The Dangers of Data
By: Olivija Vasiliauskas
In the Age of Information, the world runs on an invisible currency: data. This new industry has caused many parents to reassess how they can best protect their children from the dangers of the internet.
To answer this question, Wheaton North delegates introduced bill H-O-01, which requires businesses who gross $20 million per year or who make half of their annual profit from the sale of their consumer’s data to create an opt-out option for those under the age of 18.
Senate Sponsor Lindsey Allen stated that the bill is a “response to the lack of a comprehensive data protection policy from the federal government.” Allen also compared data regulation in the US to laws around the globe, describing the US as “lagging behind.” Despite the existence of laws requiring consumers to accept website “cookies,” many companies don’t have a data collection opt-out choice. Social media platforms and online shopping websites often sell personal information such as addresses, ages, genders, and browsing history. If passed, this bill will ensure that companies are forced to provide an option for consumers who want to ensure their internet safety and privacy.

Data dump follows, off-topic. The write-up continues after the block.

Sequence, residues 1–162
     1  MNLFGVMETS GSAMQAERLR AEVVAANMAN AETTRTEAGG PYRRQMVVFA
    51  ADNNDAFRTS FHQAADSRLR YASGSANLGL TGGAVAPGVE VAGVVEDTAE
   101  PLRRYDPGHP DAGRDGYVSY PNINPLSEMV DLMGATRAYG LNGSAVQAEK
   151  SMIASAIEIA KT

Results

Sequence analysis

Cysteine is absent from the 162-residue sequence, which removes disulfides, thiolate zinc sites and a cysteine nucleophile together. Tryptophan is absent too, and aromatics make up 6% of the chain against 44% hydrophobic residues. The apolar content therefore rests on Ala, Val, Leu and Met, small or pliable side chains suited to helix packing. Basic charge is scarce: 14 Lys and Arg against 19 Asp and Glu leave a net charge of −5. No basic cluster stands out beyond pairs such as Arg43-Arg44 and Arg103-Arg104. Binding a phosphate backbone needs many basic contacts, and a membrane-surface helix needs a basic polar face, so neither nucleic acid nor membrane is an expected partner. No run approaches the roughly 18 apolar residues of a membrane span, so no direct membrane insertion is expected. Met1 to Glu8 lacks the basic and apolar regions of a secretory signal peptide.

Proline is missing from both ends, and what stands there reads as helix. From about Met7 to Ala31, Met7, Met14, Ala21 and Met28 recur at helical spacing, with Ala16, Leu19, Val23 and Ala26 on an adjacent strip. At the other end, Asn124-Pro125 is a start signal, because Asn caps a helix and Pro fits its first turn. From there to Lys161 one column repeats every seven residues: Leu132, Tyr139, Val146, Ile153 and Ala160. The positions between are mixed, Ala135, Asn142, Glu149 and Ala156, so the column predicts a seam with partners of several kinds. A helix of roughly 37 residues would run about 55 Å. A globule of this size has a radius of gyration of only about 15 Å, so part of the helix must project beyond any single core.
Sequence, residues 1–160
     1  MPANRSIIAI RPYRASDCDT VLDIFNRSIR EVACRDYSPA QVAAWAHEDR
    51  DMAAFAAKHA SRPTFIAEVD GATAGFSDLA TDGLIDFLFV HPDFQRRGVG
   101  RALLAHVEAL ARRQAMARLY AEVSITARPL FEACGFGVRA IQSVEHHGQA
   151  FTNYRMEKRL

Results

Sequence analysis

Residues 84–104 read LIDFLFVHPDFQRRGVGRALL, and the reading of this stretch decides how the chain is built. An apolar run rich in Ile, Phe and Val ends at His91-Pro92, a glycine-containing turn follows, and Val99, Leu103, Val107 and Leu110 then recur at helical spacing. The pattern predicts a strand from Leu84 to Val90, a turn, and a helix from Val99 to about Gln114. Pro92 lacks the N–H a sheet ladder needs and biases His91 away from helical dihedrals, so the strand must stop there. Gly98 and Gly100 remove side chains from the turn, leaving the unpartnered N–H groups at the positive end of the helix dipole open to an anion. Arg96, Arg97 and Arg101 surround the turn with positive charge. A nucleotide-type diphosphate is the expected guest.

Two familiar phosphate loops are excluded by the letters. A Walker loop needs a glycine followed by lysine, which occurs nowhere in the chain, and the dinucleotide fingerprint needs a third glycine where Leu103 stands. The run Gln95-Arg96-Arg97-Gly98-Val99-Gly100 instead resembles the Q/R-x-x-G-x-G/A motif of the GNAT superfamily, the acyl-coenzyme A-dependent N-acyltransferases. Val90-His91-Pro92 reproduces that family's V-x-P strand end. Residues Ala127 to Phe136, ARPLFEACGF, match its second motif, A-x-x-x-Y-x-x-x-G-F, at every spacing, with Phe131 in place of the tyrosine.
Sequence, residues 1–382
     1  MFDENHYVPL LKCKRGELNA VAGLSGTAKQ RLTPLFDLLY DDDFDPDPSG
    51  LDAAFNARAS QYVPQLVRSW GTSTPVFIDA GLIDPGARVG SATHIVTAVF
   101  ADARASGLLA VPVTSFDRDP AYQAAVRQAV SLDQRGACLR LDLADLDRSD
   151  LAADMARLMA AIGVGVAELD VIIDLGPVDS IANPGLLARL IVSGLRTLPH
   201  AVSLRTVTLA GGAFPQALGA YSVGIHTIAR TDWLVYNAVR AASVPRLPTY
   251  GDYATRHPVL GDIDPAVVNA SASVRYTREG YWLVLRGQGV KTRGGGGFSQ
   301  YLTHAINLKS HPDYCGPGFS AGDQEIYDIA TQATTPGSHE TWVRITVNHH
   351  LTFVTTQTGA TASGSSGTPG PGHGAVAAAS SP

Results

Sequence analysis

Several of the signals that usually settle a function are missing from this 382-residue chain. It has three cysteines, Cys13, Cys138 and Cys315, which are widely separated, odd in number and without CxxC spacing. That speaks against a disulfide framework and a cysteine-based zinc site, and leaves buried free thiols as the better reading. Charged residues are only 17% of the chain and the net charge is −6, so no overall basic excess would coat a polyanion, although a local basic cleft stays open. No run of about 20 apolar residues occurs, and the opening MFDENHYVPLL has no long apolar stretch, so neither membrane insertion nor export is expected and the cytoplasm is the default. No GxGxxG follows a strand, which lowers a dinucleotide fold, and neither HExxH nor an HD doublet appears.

Companies will be held accountable for these laws through violation fees imposed by the bill. Not providing an opt-out choice for consumers “would qualify as an intentional violation for each customer in Illinois, so they would be fined $7,500 for each person in Illinois denied the opt-out option.”
In the realm of today’s digital world, consumers must make the choice of whether to experience the internet and sacrifice their privacy or try to live a less plugged-in life. Bill H-O-01 provides a third option that prioritizes user safety and allows consumers to make informed decisions about data collection programs.